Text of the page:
This guy is from Augustus Sherman’s collection of Ellis Island portraits. The photo is dated 1906. He’s listed simply as “Romanian shepherd.”
I looked up the May Day celebrations and rituals of Romania (nearly every country’s got some), and this apotropaic one charmed me:
“The entries to the animals’ shelters are adorned with green branches. All branches are left in place until the wheat harvest when they are used in the fire which will bake the first bread from the new wheat.”
To be clear, the fire is to bake the bread.
Definitely only the bread.
Definitely not the sad American co-ed’s bad boyfriend dressed in a bear suit.
We saw our families for the first time after more than a year away.
I earned the best job I’ve ever had.
I was published in one new literary journal.
I was exhibited in two new art galleries.
I was accepted into a prestigious novel-writing program.
I found a new place to live with my best friend / creative partner / husband.
I deepened fledgling friendships into true sisterhood.
I learned to boogie board in Maui, which scratched my itchy wild side in a way I haven’t felt since I quit drinking.
I celebrated five years sober. (!!!!!)
I passed through something, some darkness I have been navigating for 20 years. I have finally found my way to the home inside myself. I’ve opened the front door. I’ve stepped inside. Next year, I’ll figure out how to turn the lights on.
And, of course, I got to know Tina Turner better. 😉 This quote from the documentary TINA is my favorite of the year:
Look at what I have done in this lifetime with this body. I’m a girl from a cotton field that pulled myself above what was not taught to me.
I hope you have the very best new year. (“Simply the best,” perhaps?)
Keep pulling yourself above what was not taught to you.
Chicago friends, come see two of my newest pieces in person, plus work from these awesome other artists!
The Fulton Street Collective group show Journey / Explore opens this Friday, December 10, from 7-10 pm.
The address is 1821 W. Hubbard St. (on Hubbard between Wolcott and Wood, and NOT on Kinzie… that’ll send you to the alley, and that’s not where the show will be though perhaps that’s a cool idea for next time??)
Tickets are $5 and there’s a capacity limit (because 😷), so snag yours now!
Glessner House, located in Chicago’s Prairie Avenue Historic District, was designed by American architect Henry Hobson Richardson and completed in 1887.
Richardson studied at Ecole des Beaux-Arts in Paris, which encouraged quick conceptual sketches and detailed perspective drawings that could and should be followed through to physical completion of a space.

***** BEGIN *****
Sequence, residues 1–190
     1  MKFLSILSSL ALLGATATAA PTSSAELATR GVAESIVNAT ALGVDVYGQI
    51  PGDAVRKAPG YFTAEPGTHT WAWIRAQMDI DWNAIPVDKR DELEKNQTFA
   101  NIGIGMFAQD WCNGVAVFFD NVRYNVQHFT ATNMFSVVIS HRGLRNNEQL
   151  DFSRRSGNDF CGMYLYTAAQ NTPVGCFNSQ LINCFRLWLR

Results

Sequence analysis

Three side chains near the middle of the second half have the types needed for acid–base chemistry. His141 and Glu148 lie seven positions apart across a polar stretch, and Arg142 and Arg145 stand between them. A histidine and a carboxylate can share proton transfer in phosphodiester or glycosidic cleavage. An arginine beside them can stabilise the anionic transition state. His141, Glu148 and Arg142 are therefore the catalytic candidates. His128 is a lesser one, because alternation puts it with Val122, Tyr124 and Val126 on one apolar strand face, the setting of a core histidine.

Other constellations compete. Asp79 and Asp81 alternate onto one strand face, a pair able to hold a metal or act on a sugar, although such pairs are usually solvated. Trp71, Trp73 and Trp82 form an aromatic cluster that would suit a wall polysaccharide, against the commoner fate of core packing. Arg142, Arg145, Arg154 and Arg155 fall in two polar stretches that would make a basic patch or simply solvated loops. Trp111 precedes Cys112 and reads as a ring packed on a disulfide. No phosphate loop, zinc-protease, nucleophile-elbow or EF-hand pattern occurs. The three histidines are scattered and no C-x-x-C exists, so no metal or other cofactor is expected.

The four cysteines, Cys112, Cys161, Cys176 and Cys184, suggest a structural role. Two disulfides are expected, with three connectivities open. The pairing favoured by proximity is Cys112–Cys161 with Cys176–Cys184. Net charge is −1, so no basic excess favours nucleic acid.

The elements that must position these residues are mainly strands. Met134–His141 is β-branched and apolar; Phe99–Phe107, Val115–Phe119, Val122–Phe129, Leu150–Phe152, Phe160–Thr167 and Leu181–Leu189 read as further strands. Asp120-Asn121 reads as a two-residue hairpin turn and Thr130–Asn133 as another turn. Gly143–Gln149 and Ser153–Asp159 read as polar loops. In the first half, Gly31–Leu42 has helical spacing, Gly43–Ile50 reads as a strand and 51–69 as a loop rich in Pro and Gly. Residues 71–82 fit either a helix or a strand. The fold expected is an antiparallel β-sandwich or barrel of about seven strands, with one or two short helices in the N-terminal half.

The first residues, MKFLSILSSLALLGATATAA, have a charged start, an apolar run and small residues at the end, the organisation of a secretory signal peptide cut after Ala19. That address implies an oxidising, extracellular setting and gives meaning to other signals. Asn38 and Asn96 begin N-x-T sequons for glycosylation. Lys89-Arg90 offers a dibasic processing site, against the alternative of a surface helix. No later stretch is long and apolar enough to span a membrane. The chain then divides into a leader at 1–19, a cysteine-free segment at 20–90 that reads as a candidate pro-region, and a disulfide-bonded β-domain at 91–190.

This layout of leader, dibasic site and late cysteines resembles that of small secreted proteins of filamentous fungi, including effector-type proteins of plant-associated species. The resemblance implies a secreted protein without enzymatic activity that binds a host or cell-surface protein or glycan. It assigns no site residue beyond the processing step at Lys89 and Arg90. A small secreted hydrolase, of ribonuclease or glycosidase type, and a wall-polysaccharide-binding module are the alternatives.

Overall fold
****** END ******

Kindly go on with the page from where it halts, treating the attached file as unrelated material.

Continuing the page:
In April 1886, Richardson completed the design for the house.
Three weeks later he was dead.
This sprawling residence was built for the Glessner family, wealthy from 19th Century manufacturing of agricultural equipment. It was home to a child who would grow up to be very important due to homes of a different scale: Frances Glessner Lee.
Frances was the first female police captain in the U.S. and “the mother of forensic science.” In her 40s, Frances began making miniature dioramas that depicted grisly murder scenes. The replicas were designed to be educational tools for homicide detectives and the fledgling field of medical examination and crime scene investigations.
Pictured: Detail of “Kitchen,” from the Nutshell Studies of Unexplained Deaths.
The dioramas, eventually becoming Nutshell Studies of Unexplained Deaths, were precise — down to the make of the mousetrap and the bloat of the body. Many are still used today to train detectives, and the answers or real-life cases from which they were inspired remain under lock and key.
Also awesome? It’s rumored Frances was the character inspiration for everyone’s favorite brilliant amateur detective in gaudy baubles: Murder, She Wrote’s very own Jessica Fletcher.
Following, some pics I snapped on a recent tour of the place… No crime scenes evident!
As the end of the year (aka gift giving season) rolls up with the top down, I thought I’d show off one of my favorite custom embroidery jobs from the archives.
I recently finished this custom piece for a dear friend. He wanted to gift an artwork to a friend who loved wrestling and wrestling history. He picked an image from this series of photographs by Irving Penn from 1945 and told me to have at it.
The man in this photo is Maurice Tillet (1903-1954), the most notorious wrestler of the 1940s, better known by his ring name, ~THE FRENCH ANGEL~.
“He studied 14 languages, wrote poetry, and aspired to become an actor. However, his dreams were shattered when he developed acromegaly in his twenties. … This disorder is caused by an abnormal production of growth hormone usually related to a benign tumor of the pituitary gland… With his new body, Tillet, an educated man and a lover of the fine arts, felt like a monstrosity. Unable to face a life of constant gawking and humiliation, he decided to make drastic changes and use his condition to his benefit.”
At the end of his life, Maurice was a Chicago boy. He died here, too, of a heart attack that came on after he heard that his trainer died. <sobbbbbbing>
My color choices for his wings and the stars on his belt are a direct reference to the Chicago flag.
I almost put the fourth star on Maurice’s belt too, but I just had to do something about Dorian there…
The angle of her foot, the shape of that heel… oh la la, there’s just so much I love about that aspect of the original photograph. I put the last star beneath it to give Dorian her own special place in this piece.